Harare, Zimbabwe — 20 May 2013 – The Chamber of Mines of Zimbabwe, which represents companies including platinum giant Impala Platinum Holdings Limited, has rejected a proposal for the state to control mineral production and prices.
The proposal is “gritty and confrontational,” the Chamber said in a draft copy of its response obtained by Bloomberg News, which may be given to the government later this month. “Ideologically the policy seems to be at variance with the market-based national policy that the country has adopted,” it added.
Earlier this month, the country’s Ministry of Mines proposed the auctioning of mineral deposits; the restriction of production of commodities deemed strategic; and that the state sell the output from all mines. It is now seeking comment from mining companies before taking the proposed policy to parliament to have it passed into law.
Companies such as Impala and Rio Tinto Group are currently free to sell their own minerals. The policy proposals come after Impala and Anglo American Platinum agreed to comply with the existing indigenisation law to cede 51% stakes in their local assets to black Zimbabweans or the government.
“We will contribute effectively to the ongoing development of a new mining policy,” Chamber of Mines president Alex Mhembere told the body’s annual general meeting, held in north-eastern Zimbabwe at the weekend. “We do not regard our role as opposition to government but partners seeking the same national goal and aspiration.”
The chamber is due to meet the government on May 22 and again on May 29.
If implemented, the marketing policy will be a reversal of an earlier liberalisation of mineral sales, which formerly had been undertaken by the Minerals Marketing Corporation of Zimbabwe and, in the case of gold, a unit of the central bank. Under the proposal, gold and platinum group metals will be sold by a dealer authorised by the Ministry of Finance, and all other minerals will be sold by the MMCZ.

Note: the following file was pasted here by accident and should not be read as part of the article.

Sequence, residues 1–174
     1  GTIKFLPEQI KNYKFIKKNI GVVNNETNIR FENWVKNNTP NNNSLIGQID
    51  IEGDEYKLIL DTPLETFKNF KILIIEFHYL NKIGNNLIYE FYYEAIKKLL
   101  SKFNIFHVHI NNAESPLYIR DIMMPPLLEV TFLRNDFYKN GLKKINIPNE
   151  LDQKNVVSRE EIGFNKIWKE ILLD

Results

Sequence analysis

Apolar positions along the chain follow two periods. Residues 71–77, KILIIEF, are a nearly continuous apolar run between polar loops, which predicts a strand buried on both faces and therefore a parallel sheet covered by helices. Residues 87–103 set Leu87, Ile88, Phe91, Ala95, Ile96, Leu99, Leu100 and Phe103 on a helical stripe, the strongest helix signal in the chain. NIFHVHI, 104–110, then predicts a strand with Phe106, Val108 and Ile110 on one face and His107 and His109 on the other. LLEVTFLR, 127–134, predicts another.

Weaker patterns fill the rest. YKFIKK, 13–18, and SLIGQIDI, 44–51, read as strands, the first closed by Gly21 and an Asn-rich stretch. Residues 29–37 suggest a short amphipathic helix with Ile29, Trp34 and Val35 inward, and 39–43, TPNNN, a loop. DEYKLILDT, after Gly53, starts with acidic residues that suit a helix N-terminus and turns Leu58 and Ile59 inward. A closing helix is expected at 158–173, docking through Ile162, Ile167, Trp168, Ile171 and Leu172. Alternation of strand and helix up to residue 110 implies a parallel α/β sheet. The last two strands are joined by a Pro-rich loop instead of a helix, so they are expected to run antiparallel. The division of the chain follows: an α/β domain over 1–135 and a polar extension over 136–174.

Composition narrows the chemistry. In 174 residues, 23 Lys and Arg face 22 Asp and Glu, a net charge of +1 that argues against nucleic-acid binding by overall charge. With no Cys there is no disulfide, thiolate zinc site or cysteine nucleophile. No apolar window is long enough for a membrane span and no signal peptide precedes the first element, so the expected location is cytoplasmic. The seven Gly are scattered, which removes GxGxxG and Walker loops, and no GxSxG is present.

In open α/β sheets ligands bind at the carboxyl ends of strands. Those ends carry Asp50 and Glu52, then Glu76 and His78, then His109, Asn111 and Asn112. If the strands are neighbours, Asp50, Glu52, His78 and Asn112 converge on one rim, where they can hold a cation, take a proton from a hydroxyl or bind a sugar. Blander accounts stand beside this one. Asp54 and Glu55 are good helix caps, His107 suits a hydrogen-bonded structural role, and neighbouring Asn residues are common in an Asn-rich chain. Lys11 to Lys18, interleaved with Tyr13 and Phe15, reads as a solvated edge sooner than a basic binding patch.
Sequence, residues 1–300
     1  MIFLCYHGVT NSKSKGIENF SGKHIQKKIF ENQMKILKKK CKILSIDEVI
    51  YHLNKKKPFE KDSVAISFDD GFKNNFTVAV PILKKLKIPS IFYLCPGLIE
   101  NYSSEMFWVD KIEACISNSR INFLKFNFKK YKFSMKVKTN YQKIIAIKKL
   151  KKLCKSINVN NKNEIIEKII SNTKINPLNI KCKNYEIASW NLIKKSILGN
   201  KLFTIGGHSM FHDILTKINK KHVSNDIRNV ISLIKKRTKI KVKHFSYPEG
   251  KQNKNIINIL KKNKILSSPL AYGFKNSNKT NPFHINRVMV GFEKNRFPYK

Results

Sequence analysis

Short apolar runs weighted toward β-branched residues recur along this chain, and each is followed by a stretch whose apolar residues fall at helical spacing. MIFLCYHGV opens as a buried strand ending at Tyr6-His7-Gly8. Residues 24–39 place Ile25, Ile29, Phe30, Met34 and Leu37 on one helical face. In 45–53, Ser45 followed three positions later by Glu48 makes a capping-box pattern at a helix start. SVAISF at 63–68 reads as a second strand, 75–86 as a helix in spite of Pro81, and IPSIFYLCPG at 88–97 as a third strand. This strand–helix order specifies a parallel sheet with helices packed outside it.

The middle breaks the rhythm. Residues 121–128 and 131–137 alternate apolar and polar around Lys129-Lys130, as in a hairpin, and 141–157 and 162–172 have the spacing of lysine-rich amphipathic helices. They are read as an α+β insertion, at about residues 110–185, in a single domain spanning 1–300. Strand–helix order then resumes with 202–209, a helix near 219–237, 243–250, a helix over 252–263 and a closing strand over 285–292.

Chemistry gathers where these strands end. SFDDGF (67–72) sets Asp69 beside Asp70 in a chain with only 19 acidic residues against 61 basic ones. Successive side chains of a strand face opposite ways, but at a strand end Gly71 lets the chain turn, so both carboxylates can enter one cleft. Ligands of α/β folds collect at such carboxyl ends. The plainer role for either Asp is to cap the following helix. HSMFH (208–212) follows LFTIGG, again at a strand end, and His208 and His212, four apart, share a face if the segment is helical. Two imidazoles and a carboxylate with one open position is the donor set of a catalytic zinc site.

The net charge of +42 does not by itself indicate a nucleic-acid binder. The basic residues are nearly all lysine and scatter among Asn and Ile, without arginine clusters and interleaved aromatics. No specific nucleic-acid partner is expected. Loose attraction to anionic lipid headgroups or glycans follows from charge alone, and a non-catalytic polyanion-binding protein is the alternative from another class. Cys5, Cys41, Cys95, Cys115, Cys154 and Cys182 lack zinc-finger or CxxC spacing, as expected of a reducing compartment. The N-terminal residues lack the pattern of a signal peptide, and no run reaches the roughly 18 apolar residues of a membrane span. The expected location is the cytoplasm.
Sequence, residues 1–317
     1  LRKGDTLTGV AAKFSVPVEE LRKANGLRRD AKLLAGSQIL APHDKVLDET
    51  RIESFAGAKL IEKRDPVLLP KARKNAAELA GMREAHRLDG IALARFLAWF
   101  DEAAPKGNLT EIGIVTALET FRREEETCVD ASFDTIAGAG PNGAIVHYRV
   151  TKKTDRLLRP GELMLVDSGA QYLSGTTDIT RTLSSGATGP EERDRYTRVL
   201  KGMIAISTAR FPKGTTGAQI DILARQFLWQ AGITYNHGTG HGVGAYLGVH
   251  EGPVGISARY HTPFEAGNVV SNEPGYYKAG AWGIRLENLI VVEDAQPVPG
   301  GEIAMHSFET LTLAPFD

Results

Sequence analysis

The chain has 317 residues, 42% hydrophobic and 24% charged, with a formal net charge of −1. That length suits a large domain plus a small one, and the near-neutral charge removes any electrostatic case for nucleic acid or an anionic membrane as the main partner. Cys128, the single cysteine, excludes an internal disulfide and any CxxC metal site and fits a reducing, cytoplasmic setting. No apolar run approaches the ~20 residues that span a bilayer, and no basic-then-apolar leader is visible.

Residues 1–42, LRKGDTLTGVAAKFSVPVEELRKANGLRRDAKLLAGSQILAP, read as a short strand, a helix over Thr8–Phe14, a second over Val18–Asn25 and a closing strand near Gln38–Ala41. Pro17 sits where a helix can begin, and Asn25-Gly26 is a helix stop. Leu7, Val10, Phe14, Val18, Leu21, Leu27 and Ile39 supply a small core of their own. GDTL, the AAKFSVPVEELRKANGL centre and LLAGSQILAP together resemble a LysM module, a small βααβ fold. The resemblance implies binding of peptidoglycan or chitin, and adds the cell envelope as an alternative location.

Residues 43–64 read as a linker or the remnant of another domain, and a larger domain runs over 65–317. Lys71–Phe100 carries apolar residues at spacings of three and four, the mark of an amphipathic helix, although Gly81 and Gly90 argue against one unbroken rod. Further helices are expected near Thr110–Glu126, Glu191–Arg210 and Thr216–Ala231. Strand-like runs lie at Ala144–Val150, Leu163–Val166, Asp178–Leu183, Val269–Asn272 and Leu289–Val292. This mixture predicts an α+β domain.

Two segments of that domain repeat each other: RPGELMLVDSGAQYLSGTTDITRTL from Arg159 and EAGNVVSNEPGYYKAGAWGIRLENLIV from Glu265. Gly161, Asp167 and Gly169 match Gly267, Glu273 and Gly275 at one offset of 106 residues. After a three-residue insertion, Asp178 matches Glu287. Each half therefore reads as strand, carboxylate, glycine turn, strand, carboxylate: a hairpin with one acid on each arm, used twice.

“This policy on minerals marketing is premised on the notion that the private sector cannot be trusted,” the Chamber of Mines said. “Throughout the world producers have the right to market their own minerals based on an approved marketing contract.”
Zimbabwe’s economy entered a recession around 2000 after a disputed election and the imposition of a land reform policy that involved the seizure of white-owned commercial farms. Over the next decade the government controlled prices and imports. Inflation rose to 500 billion percent, according to the International Monetary Fund, and the economy contracted by 40% between 2000 and 2007.
The country exited recession in 2009 and ended a political stalemate after President Robert Mugabe’s Zimbabwe African National Union-Patriotic Front formed a coalition government with the Movement For Democratic Change following the intervention of the 15-nation Southern African Development Community.
The proposals “will effectively close the country to private exploration,” the Chamber said. The government document “is based on socialist thinking, where the state has a strong hand over the affairs of mineral extraction. Zimbabwe has largely been a market-based economy.”
Source: Bloomberg News. For more information, click here.